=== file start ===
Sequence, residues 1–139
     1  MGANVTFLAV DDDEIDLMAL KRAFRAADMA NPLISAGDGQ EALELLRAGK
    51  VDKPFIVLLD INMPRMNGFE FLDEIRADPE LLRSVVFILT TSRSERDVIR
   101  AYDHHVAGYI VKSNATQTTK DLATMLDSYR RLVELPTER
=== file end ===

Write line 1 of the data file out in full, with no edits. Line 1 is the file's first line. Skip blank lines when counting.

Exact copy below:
Sequence, residues 1–139